Herpes simplex virus (HSV) infection

A number of studies (1315) have demonstrated that NF-κB activation plays a significant role in the replication of HSV-1 and HSV-2. HSV infection is efficiently suppressed by the inhibition of NF-κB activation. Chen et al (16) found that an aqueous extract of HCT (HCWE) had anti-herpetic activity against HSV-2 and HSV-1 infection, and that this activity was associated with an inhibitory effect on NF-κB pathway activation.

Pseudorabies herpesvirus (PrV)

PrV is a member of the Alphaherpesvirinae subfamily. Piglets infected with PrV die within a few days (17). Ren et al (17) used Vero cells and swine testis cells to investigate the effect of HCI on cell infection by PrV. They found that HCI efficiently inhibited cell infection following the incubation of PrV with the drug.

Infectious bronchitis virus (IBV)

Avian IBV is a type of coronavirus that causes infectious bronchitis. In a study conducted in chicken embryos and chickens (18), it was found that HCT inhibited IBV infection by >90% in chicken embryo kidney cells, and reduced IBV-induced apoptosis by >90% in vivo and in vitro. HCT fully protected the embryos against IBV challenge and had >50% protective effect in chickens in the study.

Dengue virus

Dengue virus is a virus that causes dengue fever, dengue hemorrhagic fever and dengue shock syndrome. A study conducted by Leardkamolkarn et al (19) provided scientific data to support the phytomedicinal properties of HCWE as an inhibitor of the dengue virus. The study identified that hyperoside is the major bioactive compound that effectively acts against dengue infection. The HCT extract was shown to be non-toxic and may be worthy of further development.

Antibacterial activity

Staphylococcus aureus

Houttuynin is a keto-substituted aldehyde that can be isolated from HCT. Liu et al (20) found that sodium houttuyfonate (SH), an addition compound of sodium bisulfite and houttuynin, exhibited antibacterial activity against 21 strains of Staphyloccus aureus grown in planktonic culture in vitro. Their results showed that the levels of autolysin atl, sle1, cidA and lytN transcripts in the SH-treated strain were decreased compared with those in the control strain, and SH diminished the amounts of extracellular DNA of the 21 strains of Staphyloccus aureus in a dose-dependent manner. Furthermore, Lu et al (21) found that SH demonstrated in vitro antibacterial activity against methicillin-resistant Staphylococcus aureus isolates.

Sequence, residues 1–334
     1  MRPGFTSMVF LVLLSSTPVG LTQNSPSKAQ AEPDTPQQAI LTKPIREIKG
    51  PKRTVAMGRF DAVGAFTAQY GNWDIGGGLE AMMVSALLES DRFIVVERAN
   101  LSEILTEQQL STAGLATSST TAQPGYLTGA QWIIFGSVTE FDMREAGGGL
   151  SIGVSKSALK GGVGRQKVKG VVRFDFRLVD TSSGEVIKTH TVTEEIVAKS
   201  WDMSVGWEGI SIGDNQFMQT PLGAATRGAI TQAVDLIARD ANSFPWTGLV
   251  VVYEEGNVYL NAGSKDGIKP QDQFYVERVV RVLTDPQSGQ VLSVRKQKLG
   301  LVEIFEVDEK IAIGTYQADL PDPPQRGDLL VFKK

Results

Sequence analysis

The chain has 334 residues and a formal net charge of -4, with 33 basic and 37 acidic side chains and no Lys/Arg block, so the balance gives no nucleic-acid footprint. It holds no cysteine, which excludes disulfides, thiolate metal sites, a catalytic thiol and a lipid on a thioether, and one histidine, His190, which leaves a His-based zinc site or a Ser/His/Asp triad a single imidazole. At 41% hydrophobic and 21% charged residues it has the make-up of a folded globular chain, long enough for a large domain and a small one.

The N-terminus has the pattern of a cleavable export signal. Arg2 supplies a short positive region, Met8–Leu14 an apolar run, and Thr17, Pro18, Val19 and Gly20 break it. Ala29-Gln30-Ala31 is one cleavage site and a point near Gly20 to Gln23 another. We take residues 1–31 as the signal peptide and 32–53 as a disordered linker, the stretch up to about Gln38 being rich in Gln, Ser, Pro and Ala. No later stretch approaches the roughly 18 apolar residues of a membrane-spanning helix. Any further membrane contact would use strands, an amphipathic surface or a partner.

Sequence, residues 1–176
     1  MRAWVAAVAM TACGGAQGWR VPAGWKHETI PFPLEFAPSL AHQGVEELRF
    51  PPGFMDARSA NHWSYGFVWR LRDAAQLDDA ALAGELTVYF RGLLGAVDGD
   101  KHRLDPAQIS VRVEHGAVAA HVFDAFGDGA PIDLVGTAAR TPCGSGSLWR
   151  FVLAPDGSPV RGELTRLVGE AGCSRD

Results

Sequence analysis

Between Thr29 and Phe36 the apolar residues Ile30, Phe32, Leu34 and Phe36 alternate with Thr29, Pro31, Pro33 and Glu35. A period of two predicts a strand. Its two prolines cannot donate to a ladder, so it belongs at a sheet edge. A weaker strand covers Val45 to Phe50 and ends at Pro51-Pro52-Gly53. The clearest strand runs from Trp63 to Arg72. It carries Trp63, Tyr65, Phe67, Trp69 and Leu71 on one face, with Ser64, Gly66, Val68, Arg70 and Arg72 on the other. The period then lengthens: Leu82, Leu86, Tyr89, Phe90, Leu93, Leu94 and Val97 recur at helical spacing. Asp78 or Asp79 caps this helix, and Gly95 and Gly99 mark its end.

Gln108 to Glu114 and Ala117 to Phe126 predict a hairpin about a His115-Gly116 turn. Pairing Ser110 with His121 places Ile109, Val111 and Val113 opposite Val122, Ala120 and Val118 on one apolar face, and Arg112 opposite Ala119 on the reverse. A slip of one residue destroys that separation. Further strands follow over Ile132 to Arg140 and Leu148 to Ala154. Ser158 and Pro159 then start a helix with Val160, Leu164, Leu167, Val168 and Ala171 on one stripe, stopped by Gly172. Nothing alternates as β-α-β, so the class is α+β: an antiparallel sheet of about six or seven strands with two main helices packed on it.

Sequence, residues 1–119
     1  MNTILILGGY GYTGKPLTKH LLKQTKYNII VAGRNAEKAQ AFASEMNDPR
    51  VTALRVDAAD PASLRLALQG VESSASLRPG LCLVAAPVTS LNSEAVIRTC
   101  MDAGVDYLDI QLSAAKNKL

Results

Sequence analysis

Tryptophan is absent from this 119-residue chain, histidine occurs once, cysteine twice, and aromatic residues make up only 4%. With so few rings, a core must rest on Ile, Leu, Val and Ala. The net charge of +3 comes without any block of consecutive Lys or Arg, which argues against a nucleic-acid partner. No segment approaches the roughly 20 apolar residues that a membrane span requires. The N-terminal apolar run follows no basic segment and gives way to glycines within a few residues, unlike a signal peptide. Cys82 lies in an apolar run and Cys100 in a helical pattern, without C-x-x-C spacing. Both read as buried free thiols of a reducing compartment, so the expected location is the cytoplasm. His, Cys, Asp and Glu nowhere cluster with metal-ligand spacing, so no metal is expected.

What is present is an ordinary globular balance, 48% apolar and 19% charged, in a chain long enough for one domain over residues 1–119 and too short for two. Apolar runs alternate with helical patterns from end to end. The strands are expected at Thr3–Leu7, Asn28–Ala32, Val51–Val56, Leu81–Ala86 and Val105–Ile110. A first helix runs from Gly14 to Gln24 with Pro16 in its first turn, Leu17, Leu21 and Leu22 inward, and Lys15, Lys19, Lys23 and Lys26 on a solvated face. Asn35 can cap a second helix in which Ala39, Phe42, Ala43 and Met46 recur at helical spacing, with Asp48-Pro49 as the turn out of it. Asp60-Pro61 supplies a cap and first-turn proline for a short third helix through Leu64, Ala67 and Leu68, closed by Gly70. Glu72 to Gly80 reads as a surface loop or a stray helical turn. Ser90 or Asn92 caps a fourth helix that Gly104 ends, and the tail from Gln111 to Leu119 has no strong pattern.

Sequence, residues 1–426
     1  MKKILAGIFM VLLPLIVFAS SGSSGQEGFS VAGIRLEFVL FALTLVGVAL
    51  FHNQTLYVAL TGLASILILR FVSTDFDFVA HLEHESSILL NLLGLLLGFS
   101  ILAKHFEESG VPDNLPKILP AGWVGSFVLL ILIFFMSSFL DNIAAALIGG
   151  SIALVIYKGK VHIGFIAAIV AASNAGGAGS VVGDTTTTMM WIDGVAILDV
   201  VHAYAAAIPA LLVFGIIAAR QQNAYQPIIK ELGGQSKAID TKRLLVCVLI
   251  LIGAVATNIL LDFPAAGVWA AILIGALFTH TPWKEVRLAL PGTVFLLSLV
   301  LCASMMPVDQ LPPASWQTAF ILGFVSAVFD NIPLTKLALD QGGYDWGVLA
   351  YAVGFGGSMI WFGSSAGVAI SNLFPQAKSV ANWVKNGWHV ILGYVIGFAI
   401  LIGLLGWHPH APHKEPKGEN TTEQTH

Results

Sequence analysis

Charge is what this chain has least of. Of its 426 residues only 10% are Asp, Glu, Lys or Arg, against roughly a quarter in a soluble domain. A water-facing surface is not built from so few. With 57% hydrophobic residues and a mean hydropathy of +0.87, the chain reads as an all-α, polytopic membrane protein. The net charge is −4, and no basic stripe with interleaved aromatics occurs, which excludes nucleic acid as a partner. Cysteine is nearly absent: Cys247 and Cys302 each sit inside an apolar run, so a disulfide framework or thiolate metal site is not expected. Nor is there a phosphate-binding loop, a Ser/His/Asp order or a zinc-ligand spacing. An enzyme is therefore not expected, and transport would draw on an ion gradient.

Antiparasitic activity

The leaves of HCT are used by the native Naga tribes of northeast India as a traditional cure for intestinal helminthic infections (22). The anticestodal efficacy of HCT leaf extract has been investigated in vivo against Hymenolepis diminuta in experimentally infected albino rats. Yadav AK and Temjenmongla (22) compared the effect of HCT leaf extract with that of the reference drug praziquantel, and concluded that the HCT leaf extract had anticestodal efficacy.

Other anti-inflammatory activity

Membranous glomerulonephritis

Pan et al (23) investigated the effect of SH on the membranous glomerulonephritis (MGN) induced by cationic bovine serum albumin (C-BSA) in BALB/c mice. The C-BSA-induced increases in urinary protein and changes in morphology were attenuated by treatment with SH. The expression levels of nuclear NF-κB and monocyte chemotactic protein 1 (MCP-1) were inhibited by SH in a dose-dependent manner. This study indicated that SH acted against C-BSA-induced MGN in the mice by suppressing the activation on NF-κB and the expression of MCP-1.

Li et al (24) conducted a study to investigate the effect of HCWE on mast cell-mediated anaphylactic reactions. It was observed that the oral administration of HCWE inhibited systemic anaphylaxis in mice as well as the local allergic reaction activated by anti-dinitrophenyl IgE antibody in rats. The authors also found that HCWE dose-dependently inhibited histamine release and calcium uptake by rat peritoneal mast cells. HCWE increased the intracellular level of cyclic adenosine monophosphate (cAMP) and markedly reduced mast cell activator-induced cAMP expression. These results indicate that HCWE may be useful for the prevention of mast cell-mediated anaphylactic response.